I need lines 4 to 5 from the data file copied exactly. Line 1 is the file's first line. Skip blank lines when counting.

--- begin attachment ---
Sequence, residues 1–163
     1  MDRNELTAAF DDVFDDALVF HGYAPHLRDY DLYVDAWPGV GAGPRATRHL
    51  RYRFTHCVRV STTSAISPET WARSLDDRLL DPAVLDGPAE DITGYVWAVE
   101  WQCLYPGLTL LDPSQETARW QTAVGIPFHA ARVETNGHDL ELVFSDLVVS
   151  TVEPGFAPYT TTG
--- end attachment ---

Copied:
   101  WQCLYPGLTL LDPSQETARW QTAVGIPFHA ARVETNGHDL ELVFSDLVVS
   151  TVEPGFAPYT TTG